Monday, 24 September 2018 05:47

Training National Leaders for Regional Impact

Training National Leaders for Regional Impact

Pioneer missionary James Gribble first claimed land in the Central African Republic for a mission site one hundred years ago. He dreamed that one day Christian schools would prepare men and women so that leadership of churches, schools and key institutions would be turned over to African nationals. To many, this dream seemed impossible. But God specializes in the impossible.

One hundred years after Gribble and his party set sail for the heart of Africa, hundreds gathered for the dedication ceremony of the James Gribble Leadership Training Center. Located at a new campus outside the capital city of Bangui, Central African Republic, it’s more than a beautiful facility…it’s evidence of a long commitment to invest in training local and regional church leaders.

Watch below to learn more about the dedication of the James Gribble Leadership Training Center which took place in Aril 2018.

The Training Center is part of a larger plan to strengthen seminary-level education by relocating the school from its original location in northern C.A.R. Started in Bata on October 4, 1981, the Seminary was birthed from a shared commitment between the national church and Encompass World Partners to provide training beyond the level of regionally-based Bible Schools. On January 11, 2008, the Seminary relocated south to Bangui so as to better influence the spiritual climate of the nation’s capital and beyond.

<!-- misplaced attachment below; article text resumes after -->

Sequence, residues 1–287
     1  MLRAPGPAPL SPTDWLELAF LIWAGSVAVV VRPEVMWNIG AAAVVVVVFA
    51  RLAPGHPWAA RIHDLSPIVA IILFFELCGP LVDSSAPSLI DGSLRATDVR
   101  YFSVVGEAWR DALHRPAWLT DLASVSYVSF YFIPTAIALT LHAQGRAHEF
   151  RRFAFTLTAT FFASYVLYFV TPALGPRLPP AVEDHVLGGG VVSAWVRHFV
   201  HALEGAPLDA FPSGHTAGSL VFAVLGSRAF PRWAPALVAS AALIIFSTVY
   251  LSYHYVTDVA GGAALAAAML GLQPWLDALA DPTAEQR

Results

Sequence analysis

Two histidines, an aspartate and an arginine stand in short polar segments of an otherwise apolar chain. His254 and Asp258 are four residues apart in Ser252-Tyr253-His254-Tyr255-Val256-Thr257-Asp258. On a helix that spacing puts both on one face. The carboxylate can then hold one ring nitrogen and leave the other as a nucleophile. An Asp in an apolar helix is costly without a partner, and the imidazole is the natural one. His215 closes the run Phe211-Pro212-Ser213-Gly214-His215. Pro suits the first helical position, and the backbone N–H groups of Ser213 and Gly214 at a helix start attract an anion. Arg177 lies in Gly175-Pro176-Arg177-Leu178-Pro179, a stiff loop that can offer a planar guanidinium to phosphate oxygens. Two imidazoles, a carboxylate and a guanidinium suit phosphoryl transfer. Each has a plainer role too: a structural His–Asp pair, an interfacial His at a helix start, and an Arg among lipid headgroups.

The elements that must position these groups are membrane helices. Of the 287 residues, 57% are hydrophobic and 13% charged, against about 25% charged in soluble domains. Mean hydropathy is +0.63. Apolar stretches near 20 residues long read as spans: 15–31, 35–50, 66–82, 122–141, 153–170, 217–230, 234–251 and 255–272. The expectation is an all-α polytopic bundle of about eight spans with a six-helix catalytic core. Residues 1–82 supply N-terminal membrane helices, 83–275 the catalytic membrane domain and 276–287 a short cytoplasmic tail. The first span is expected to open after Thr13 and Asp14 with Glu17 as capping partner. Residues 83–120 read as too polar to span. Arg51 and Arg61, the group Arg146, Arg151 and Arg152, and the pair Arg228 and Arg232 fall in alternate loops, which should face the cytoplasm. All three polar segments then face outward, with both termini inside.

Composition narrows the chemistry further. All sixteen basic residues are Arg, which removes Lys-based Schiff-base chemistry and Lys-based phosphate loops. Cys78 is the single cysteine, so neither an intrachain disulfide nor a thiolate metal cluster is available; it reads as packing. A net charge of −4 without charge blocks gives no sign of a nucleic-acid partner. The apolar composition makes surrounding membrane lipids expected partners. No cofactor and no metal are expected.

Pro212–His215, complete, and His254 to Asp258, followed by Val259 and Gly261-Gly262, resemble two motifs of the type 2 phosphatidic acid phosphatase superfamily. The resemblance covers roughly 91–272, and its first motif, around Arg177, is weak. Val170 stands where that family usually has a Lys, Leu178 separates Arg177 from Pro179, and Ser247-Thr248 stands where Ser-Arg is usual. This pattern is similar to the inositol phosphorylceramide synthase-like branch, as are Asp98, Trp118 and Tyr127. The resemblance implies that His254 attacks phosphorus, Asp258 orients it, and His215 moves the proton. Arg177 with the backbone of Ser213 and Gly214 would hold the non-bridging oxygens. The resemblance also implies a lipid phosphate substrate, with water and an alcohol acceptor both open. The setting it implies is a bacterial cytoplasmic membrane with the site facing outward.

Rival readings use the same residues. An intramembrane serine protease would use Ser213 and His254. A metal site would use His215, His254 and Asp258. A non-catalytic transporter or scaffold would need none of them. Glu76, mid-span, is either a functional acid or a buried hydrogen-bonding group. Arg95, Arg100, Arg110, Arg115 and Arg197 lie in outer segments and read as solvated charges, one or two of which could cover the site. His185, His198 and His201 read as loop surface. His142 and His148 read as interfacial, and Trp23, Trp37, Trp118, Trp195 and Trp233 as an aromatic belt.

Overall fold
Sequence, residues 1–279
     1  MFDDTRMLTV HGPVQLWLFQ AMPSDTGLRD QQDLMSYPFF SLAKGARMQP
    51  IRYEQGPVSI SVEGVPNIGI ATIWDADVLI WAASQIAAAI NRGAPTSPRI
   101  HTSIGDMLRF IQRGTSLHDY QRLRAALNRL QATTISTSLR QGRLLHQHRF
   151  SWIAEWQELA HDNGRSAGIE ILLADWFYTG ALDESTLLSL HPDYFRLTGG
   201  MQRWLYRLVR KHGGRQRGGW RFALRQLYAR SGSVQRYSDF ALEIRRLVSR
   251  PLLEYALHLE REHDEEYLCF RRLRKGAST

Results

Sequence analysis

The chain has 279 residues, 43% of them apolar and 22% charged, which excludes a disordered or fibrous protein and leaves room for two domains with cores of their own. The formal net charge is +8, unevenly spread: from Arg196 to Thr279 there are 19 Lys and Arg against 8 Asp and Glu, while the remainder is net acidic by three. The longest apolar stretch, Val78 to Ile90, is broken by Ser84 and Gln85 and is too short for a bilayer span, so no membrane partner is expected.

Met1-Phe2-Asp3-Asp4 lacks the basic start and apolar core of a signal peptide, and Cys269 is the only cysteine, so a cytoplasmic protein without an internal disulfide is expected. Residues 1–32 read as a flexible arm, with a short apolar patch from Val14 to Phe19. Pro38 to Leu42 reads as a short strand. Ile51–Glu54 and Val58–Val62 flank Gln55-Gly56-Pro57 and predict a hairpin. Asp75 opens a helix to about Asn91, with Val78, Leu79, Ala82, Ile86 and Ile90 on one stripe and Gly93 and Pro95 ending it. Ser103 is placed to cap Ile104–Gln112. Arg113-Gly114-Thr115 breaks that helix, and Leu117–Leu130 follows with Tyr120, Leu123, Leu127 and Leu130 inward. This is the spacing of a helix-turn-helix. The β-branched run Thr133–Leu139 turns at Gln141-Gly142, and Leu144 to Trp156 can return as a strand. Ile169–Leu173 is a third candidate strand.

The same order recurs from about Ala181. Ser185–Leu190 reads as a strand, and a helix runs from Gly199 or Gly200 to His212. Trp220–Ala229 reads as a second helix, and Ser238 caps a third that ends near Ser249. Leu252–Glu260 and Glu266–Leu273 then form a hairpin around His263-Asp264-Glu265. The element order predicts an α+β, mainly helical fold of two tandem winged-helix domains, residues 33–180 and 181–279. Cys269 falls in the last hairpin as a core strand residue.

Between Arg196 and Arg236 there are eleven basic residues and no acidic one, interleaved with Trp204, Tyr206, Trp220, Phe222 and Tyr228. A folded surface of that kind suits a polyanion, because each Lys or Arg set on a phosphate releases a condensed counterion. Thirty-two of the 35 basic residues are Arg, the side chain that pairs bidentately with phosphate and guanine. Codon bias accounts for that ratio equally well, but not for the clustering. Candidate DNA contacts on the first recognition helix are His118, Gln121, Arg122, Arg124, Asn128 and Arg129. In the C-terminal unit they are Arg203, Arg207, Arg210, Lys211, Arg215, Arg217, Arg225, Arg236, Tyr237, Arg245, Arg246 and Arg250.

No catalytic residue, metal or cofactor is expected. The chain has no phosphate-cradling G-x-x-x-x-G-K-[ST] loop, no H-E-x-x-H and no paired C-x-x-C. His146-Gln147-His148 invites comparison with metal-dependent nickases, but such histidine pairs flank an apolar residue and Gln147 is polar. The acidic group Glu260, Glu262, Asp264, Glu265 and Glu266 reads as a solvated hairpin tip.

The School of Theology (Seminary) seeks to prepare men and women to exercise godly and effective leadership for key local churches, many of which are quite large and influential. It also prepares professors for ministry in local Bible Institutes. In addition to the basic curriculum found in most seminaries, the School of Theology works hard to address real-world problems on the African continent from a biblical perspective.

To the north in neighboring Chad, the relatively new School of Missiology provides graduate-level training with another focus: to prepare men and women to lead apostolic-style ministries among the least-reached.

Florent Varak, Director of Encompass’ Church Equipping Network, shares about some of the unique cultural situations faced by students at the School of Missiology. As one student awoke, he discovered a trail of blood leading from his bed to the site of the church they were scheduled to begin building that day. It was the work of animists, who were trying to discourage the progress of the gospel. In addition to typical classes on cross-cultural ministry, The School of Missiology prepares church planters and evangelists to address issues like this, which are unique to African culture.

God is at work in and through these educational institutions, and we think Gribble would be thrilled to see the harvest God has provided from the seeds he planted.